In addition, not only does Blender allow to model mechanical elements, it alos makes it possible to animate them, allowing me to proof the concepts and troubleshoot possible problems.
In Orthographic View, screenshots can be taken of the wire frame and composed together. Printed on paper they can be cut out and glued onto the silver sheet, to aid as guides for the shapes I saw in the metal. Working in layers aids a lot in this process because elements can be distributed through them and then selectively shown to create clear and useful screenshots. (Screenshots: all Outlines)
Part 2: Texturing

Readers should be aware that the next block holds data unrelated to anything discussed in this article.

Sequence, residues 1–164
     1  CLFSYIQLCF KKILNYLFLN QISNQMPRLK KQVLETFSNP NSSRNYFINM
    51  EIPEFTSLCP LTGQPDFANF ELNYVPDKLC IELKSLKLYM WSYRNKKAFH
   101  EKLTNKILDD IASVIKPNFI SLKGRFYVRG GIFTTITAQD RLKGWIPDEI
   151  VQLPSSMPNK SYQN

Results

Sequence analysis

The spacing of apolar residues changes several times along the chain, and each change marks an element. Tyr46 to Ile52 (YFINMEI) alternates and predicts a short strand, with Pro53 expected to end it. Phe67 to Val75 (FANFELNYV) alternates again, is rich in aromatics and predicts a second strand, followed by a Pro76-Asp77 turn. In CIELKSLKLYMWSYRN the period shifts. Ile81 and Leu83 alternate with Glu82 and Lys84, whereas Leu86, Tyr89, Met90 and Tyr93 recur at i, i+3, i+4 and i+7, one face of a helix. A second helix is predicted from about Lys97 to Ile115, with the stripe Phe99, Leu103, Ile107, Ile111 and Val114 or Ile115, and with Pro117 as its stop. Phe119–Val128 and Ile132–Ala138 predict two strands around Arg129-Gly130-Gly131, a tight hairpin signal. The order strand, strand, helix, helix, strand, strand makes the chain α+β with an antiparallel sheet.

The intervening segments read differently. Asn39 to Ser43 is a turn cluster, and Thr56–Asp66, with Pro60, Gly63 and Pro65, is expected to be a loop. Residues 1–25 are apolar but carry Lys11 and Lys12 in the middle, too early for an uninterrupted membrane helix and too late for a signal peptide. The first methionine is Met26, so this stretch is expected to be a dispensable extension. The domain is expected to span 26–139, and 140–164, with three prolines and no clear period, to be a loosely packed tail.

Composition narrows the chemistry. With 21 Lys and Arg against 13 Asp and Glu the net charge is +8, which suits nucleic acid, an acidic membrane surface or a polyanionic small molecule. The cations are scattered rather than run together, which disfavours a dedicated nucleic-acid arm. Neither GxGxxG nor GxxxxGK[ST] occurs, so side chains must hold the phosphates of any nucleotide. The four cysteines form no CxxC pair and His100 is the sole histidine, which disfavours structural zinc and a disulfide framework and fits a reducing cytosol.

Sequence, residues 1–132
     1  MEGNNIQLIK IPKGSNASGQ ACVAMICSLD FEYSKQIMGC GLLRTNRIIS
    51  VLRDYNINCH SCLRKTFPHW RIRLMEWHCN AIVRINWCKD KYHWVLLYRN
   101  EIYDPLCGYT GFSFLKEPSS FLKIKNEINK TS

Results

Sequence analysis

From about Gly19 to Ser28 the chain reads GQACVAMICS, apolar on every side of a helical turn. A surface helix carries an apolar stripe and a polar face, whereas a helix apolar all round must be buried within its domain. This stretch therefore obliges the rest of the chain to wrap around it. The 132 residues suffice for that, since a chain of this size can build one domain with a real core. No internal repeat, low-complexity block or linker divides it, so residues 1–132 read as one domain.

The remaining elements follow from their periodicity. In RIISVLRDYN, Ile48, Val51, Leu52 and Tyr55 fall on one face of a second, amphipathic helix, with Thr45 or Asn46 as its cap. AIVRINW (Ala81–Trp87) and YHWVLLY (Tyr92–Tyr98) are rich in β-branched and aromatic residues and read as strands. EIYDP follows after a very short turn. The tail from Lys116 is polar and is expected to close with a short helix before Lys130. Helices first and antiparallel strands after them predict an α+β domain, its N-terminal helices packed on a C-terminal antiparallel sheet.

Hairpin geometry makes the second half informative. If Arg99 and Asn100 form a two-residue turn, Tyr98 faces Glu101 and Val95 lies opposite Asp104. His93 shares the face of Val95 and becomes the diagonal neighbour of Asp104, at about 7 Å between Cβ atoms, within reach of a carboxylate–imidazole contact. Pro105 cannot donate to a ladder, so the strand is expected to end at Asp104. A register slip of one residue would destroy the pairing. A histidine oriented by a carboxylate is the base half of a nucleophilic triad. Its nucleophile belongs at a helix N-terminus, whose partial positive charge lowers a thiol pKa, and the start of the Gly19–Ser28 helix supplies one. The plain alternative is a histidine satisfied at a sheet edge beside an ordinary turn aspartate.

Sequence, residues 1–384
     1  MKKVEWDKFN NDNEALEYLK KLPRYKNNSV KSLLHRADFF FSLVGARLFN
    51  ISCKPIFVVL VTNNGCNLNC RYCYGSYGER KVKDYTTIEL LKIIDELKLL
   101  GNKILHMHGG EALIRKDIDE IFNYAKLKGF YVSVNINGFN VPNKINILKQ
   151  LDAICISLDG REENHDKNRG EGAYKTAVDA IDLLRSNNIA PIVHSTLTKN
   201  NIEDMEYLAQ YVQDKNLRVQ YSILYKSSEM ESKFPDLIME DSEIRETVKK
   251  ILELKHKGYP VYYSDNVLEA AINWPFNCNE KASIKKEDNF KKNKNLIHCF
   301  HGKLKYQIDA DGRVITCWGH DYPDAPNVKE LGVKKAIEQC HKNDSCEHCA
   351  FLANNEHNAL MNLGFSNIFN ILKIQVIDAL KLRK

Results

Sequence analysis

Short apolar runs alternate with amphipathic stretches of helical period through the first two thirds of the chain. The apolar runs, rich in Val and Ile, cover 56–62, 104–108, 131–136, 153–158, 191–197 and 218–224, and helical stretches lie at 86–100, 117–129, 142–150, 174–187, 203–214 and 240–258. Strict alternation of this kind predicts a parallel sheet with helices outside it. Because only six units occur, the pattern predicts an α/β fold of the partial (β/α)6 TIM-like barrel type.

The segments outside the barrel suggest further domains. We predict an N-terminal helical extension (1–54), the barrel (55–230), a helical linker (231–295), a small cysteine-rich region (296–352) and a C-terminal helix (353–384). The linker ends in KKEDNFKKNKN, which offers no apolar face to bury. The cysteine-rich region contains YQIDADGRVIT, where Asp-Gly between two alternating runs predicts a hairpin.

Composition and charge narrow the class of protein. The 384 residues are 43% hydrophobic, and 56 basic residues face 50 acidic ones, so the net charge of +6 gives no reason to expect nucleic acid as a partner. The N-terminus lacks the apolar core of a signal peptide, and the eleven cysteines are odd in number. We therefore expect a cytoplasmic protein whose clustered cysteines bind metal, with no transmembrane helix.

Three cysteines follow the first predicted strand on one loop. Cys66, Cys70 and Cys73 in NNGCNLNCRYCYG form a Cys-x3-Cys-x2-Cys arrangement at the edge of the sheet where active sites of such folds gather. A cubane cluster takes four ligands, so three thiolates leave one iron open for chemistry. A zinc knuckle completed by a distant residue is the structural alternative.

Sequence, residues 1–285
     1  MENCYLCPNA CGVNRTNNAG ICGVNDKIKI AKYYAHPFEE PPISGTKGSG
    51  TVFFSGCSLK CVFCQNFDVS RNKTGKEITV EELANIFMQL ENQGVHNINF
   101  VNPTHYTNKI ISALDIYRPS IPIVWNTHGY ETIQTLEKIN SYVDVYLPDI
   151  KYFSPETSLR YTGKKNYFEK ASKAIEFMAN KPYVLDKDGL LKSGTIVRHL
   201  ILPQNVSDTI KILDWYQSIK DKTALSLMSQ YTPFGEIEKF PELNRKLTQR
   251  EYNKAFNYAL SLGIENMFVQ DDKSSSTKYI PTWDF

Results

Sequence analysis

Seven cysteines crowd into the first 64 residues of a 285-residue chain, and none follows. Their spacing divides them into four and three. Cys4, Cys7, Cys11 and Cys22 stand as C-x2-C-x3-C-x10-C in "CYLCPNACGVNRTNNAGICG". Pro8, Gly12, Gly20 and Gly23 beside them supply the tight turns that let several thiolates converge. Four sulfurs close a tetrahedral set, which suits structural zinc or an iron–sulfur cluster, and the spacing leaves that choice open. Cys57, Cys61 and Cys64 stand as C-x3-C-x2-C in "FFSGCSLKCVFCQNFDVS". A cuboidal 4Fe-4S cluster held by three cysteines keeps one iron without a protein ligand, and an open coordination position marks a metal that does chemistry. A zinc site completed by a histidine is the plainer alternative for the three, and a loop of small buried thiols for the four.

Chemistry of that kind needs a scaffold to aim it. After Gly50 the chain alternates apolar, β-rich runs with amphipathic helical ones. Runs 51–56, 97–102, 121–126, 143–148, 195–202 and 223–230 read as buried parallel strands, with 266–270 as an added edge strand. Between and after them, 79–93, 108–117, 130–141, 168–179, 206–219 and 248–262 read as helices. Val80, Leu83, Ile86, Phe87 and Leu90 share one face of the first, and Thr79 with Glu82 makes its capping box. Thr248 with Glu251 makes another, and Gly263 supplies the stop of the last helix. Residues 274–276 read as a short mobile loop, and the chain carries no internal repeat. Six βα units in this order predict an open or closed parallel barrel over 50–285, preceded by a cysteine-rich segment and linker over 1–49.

The current versión of Blender and Yafray support most textures and surface light models that an artist needs to create pre-conceived material simulations. However specific materials like brushed metal or translucent materials are still either not yet possible or only possible with additional tricks and time. Specifically in my case, I am unable to acquire those anisotropic reflections and specular highlights, which are required to accurately simulate the fine-brushed surfaces with which I work. But to some degree this feel can be achieved by using a procedural noise map or a painted bump map. The problem is that you can only reach a certain amount of detail before you will run into moir patterns during renderings. However even a more coarse bump map already provides enough detail to simulate a brushed surface. The texture needs to be stretched along one axis and needs to have the right scale. (Screenshots: Texture+Testure2)